Societal Philosophies Affecting Habilitation Strategies

  • Robert L. Schalock
  • William E. Kiernan
Part of the Disorders of Human Learning, Behavior, and Communication book series (HUMAN LEARNING)

Overview

We are able to write this book in large part because of recent changes in the larger society and systems-level philosophies regarding how we view and deal with adults with disabilities. The last 20 years have seen tremendous changes and improvements in the life experiences of most adults with disabilities. As stated recently by Lakin and Bruininks (1985):

These improvements demonstrate society’s increased concern for furthering integration, individual opportunity and equitable treatment for all citizens. For handicapped citizens and their families, social advances have been reflected in an evolving, more progressive philosophy toward integrating handicapped individuals into society, toward reorganizing and extending their legal rights, and toward substantially increasing public support for educational, residential, income maintenance, training, and other essential services. (p. 3)

Keywords

Transportation Income Sonal Hemp 

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Additional Readings

Normalization

  1. Landesman, S., & Butterfield, E.C. (1987). Normalization and deinstitutionalization of mentally retarded individuals: Controversy and fact. American Psychologist, 42(8), 809–816.PubMedCrossRefGoogle Scholar
  2. Perrin, B., & Nirje, B. (1985). Setting the record straight: A critique of some misconceptions of the normalization principle. Australia and New Zealand Journal of Developmental Disabilities, 11, 69–74.Google Scholar
  3. Wolfensberger, W. (1980). The definition of normalization: Update, problems, disagreements, and misunderstanding. In R.J. Flynn & K.E. Nitsch (Eds.). Normalization social integration, and community services. (pp. 71–115 ). Austin: Pro-ed.Google Scholar

Least-Restrictive Environment

  1. Bruininks, R.H., & Lakin, K.C. (Eds.) (1988). Living and learning in the least restrictive environment. Baltimore: Paul H. Brookes Publishing Co.Google Scholar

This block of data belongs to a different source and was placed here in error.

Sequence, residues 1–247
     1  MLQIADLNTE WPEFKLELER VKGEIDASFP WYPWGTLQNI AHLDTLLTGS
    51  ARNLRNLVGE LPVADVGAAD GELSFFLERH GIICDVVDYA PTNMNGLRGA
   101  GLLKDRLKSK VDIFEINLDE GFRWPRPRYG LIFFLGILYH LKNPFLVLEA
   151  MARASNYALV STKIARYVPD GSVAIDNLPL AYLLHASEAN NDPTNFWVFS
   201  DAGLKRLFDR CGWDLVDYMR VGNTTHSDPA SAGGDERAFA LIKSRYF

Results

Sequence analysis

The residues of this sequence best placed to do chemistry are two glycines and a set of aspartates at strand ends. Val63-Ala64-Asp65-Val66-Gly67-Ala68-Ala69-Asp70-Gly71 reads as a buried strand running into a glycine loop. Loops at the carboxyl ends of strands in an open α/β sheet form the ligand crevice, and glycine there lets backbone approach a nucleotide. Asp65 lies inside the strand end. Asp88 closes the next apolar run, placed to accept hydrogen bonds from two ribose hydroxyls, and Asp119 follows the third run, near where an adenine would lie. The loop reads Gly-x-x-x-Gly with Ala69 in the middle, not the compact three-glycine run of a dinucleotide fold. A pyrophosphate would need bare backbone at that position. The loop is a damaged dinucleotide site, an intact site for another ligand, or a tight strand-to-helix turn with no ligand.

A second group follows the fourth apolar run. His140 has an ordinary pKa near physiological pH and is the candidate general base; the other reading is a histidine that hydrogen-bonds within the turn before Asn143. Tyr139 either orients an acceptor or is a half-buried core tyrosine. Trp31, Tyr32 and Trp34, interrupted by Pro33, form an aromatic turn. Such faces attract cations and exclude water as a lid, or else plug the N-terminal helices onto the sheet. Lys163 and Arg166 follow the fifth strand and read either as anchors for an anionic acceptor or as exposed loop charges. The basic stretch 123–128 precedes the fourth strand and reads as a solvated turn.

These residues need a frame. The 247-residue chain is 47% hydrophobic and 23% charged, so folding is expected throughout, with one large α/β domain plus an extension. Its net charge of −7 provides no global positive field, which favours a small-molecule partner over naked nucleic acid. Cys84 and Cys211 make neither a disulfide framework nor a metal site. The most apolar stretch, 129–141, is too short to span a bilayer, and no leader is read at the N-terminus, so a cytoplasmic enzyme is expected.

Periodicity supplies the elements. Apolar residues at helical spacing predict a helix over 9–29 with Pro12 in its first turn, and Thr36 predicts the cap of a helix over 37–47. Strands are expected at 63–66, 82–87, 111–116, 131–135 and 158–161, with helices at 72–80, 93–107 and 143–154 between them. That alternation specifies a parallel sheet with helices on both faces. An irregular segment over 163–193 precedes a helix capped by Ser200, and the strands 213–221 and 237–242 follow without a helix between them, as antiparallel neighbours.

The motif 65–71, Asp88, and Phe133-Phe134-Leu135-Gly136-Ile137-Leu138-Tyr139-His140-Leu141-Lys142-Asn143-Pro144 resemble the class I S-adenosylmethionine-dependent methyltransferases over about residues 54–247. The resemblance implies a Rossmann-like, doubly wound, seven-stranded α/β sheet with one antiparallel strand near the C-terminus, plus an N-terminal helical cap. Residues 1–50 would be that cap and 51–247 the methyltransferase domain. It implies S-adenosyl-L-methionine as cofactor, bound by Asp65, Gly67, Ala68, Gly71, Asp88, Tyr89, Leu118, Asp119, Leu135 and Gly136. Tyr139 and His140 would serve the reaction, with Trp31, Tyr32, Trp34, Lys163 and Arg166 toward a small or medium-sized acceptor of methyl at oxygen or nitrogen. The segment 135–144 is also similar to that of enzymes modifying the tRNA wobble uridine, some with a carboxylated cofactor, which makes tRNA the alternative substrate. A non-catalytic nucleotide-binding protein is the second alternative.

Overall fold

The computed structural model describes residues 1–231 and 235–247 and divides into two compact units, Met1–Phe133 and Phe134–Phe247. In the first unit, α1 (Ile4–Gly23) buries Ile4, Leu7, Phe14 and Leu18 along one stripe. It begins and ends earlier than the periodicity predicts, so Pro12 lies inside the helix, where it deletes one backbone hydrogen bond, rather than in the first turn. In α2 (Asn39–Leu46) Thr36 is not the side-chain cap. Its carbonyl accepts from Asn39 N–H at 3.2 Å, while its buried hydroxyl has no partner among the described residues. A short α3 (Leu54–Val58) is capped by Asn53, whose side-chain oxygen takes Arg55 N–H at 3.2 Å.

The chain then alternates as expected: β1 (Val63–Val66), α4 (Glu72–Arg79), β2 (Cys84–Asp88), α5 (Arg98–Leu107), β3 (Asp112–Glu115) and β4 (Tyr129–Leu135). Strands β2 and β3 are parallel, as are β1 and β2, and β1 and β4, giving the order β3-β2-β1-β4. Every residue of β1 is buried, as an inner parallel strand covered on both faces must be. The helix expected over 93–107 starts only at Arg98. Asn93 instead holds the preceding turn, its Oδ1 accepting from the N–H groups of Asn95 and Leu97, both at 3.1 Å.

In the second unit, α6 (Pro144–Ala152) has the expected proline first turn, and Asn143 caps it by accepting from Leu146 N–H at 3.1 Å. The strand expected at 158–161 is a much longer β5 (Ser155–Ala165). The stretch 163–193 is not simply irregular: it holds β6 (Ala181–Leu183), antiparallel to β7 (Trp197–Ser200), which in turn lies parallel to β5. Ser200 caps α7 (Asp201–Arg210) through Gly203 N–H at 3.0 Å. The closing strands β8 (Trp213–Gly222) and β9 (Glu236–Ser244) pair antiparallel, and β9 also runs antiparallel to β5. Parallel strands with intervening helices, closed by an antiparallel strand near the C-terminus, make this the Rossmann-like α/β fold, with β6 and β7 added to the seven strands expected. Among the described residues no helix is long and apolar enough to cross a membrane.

2. Taylor, S.J. (1988). Caught in the continuum: A critical analysis of the principle of the least restrictive environment. Journal of the Association for Persons with Service Handicaps 13(1), 41–53.Google Scholar
  3. Turnbull, R., Ellis, J.W., Boggs, E.M., Brookes, P.O., & Biklen, D.P. (Eds.) (1981). Least restrictive alternatives: Principles and practices. Washington, DC: American Association on Mental Deficiency.Google Scholar

Public Laws

  1. Ludlow, B.L., Turnbull, A.P., & Luckasson, R. (Eds.) (1988). Transitions to adult life for people with mental retardation: Principles and practices. Baltimore: Paul H. Brookes Publishing Co.Google Scholar
  2. Turnbull, H.R., & Barber, P.A. (1986). Federal laws and adults with developmental disabilities. In J.A. Summers (Ed.). The right to grow up: An introduction to adults with developmental disabilities (pp. 255–285 ). Baltimore: Paul H. Brookes Publishing Co.Google Scholar
  3. U.S. Department of Education (1988). Summary of existing legislation relating to the handicapped. Washington, DC: Office of Special Education and Rehabilitation Services-Office of Handicapped Individuals (Pub. No. E-88–22014)Google Scholar

Advocacy

  1. Ludlow, B.L., & Herr, S.S. (1988). Advocacy and adult rights to habilitation. In B.L. Ludlow, A.P. Turnbull, & R. Luckasson (Eds.). Transitions to adult life for people with mental retardation: Principles and practices. (pp. 233–256 ). Baltimore: Paul H. Brookes Publishing Co.Google Scholar
  2. Sobsey, D., & McDonald, L. (1988). Special education: Coming of age. In B.L. Ludlow, A.P. Turnbull, & R. Luckasson (Eds.). Transitions to adult life for people with mental retardation: Principles and practices (pp. 21–44 ). Baltimore: Paul H. Brookes Publishing Co.Google Scholar

Copyright information

© Springer-Verlag New York, Inc. 1990

Authors and Affiliations

  • Robert L. Schalock
    • 1
  • William E. Kiernan
    • 2
  1. 1.Mid-Nebraska Mental Retardation ServicesHastings CollegeHastingsUSA
  2. 2.Training and Research Institute for Adults with DisabilitiesBoston Children’s HospitalBostonUSA

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